After Nature’s fury in Himachal, those who lost homes and hearth have not lost hope

74 deaths and assets worth Rs 10,000 cr lost, the state is picking up the pieces and showing resilience After…

After Nature’s fury in Himachal, those who lost homes and hearth have not lost hope

74 deaths and assets worth Rs 10,000 cr lost, the state is picking up the pieces and showing resilience

After the loss of 74 lives and property and assets worth about Rs 10,000 crore due to large-scale devastation following the monsoon rains, the people of Himachal Pradesh who lost hearth and homes are showing resilience.

Sixty-eight-year-old Karan Gupta lost his house in the landslide on the Tarna Hills in Mandi. The house was valued at Rs 4 crore. Having lost his home, he says, he is living on hope. The entire Tarna hill which populates hundreds of families has become a sinking zone.

“I am relying on neighbours, family and friends who have thrown open their doors.” He adds, “Last year too, in August, there was a landslide. We went from pillar to post in the district administration, dialled the CM’s helpline but to no avail. Now I know not to rely on the administration.”


Narendra Rana, who also lives in Tarna had to vacate the house after it was declared unsafe. “We expect that the retaining wall will be set up to stablise the house. Things are moving very slowly. A team of engineers from Roorkie had to visit, but we are still waiting,” he says.

The only connection Tarna of Mandi has with the Chhaidala area in Theog, Shimla which is 200 km apart is Nature’s fury. Here too about five buildings developed cracks as a result of indiscriminate cutting of the slope to widen the national highway. Later, the monsoon fury also became a contributing factor. Now at least four families have vacated their house. One of them Sunil Kumar, originally from Uttar Pradesh says,” I bought this house a couple of years ago. But I didn’t realise then that soon we will have to vacate this house. The entrance of the house has developed cracks. Now, we are living in a neighbour’s house.”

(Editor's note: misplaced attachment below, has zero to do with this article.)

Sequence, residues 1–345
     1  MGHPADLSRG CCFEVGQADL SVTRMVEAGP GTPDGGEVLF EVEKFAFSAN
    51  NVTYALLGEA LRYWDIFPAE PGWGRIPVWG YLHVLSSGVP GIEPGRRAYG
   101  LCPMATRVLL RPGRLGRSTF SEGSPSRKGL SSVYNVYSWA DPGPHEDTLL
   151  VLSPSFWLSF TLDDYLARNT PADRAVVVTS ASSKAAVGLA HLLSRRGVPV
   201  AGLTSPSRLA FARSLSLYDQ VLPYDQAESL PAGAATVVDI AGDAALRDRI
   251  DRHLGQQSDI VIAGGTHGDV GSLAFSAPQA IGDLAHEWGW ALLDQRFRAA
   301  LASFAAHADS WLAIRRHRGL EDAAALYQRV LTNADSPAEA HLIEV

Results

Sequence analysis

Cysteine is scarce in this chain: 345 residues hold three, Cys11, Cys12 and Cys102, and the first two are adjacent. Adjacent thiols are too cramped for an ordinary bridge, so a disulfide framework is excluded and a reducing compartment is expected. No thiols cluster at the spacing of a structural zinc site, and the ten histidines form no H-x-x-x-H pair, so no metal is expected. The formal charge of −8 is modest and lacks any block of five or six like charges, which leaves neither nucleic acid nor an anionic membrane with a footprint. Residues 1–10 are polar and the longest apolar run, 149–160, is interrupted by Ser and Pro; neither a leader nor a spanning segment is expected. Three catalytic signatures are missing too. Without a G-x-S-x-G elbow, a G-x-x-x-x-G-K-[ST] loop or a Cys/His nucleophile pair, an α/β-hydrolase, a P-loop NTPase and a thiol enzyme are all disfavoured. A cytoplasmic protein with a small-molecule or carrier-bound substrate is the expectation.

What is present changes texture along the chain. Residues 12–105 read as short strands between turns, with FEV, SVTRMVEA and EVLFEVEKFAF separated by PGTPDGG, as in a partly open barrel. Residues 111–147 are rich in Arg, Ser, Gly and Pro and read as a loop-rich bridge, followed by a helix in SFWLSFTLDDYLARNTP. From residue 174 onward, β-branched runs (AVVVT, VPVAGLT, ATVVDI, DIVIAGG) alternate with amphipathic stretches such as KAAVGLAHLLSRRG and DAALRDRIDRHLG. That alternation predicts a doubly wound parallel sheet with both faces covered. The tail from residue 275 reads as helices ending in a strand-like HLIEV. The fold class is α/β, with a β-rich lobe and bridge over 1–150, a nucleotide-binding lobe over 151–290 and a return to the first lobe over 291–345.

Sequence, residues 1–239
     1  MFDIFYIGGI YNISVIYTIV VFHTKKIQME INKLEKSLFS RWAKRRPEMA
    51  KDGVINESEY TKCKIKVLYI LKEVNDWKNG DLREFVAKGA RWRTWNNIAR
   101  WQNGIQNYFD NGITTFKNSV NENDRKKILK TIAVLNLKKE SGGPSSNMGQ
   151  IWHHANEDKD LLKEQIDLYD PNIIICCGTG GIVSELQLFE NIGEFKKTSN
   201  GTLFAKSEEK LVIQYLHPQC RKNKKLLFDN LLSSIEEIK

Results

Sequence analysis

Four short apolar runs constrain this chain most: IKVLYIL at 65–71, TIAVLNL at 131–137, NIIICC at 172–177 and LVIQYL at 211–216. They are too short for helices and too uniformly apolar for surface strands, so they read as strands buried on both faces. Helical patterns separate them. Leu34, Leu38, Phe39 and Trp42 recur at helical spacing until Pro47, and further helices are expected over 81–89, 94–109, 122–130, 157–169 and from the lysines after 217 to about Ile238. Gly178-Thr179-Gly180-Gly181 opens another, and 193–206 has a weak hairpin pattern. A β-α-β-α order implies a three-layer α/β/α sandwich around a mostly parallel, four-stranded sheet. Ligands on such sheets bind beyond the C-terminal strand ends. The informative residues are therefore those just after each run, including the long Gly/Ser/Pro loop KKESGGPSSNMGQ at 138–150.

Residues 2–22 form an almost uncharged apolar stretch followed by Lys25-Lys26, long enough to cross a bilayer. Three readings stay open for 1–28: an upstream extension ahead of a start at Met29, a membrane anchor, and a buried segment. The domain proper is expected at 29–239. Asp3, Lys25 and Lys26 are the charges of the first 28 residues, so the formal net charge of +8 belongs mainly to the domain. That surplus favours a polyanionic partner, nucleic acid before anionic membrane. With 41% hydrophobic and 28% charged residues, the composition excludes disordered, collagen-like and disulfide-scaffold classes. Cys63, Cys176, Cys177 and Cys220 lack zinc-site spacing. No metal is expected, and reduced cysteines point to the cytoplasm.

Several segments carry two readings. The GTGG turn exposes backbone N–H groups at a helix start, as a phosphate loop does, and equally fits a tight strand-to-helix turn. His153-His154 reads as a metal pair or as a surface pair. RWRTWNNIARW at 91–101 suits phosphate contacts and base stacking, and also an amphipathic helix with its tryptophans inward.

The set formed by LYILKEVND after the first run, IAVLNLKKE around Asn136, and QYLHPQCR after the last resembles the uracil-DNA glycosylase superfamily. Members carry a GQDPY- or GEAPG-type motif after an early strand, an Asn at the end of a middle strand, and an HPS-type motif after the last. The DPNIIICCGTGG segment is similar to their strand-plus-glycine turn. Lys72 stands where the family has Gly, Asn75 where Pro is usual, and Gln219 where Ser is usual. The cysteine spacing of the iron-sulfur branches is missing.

The tales of the displaced are no different in Kullu and Manali. Hemraj Verma from Bhuntar in Kullu says, “I was away with my parents when my wife felt worried about our house which is on the bank of Beas. On July 9, she vacated the house along with our son. And a day later, the river took away our house.”

Hemraj may have age on his side but Jogi Ram from Manali is 60 years old. “I have lost my house. I have a large family, some members of the family are sick, and some go to school. My means are limited and I have lost hope.”

While in Kullu and Manali all along the Beas river, houses have been washed away or damaged, in the neighbouring Mandi, a total of 245 houses in the town were fully damaged. And in Shimla too, several dozen houses have been damaged if not collapsed and many families in Krishna Nagar, Shangti, Bhattakuffer, Fagli, Summer Hill, Annadale have moved out of their houses.

Similarly, in Solan district’s Nalagarh sub-division, about 100 villagers living in 21 houses in Bushani village have been moved out of their houses since the area is sinking. Another 450 residents of 26 villages in Baddi, Ramshehar and Kasauli in Solan district have been shifted out of their houses.

The Deputy Commissioner of Mandi Arindam Chaudhary says, “We are offering help. Any affected person can reach out to the patwari. The displaced are being given ration, bedding, shelter, tarpaulins, etc.”

The Deputy Commissioner of Shimla Aditya Negi could not be contacted, a senior official not willing to get quoted says, “Once the rain is over relief and rehabilitation will pick up speed.”

NDRF, IAF become saviours

Apart from the administration, it is the NDRF that is working day and night to ease the situation in Himachal. Baljinder Singh, Commandant, 14 NDRF Battalion says, “For us time is a very important factor. Time saved is life saved. The people affected are emotionally charged but we try our best to save as many as we can and extricate bodies from the debris and hand them over to their kith and kin.” He says, that till now their battalion rescued the lives of 1,417 people, evacuated 5,094 people, saved 18 livestock and retrieved 34 dead bodies. And the work is still going on.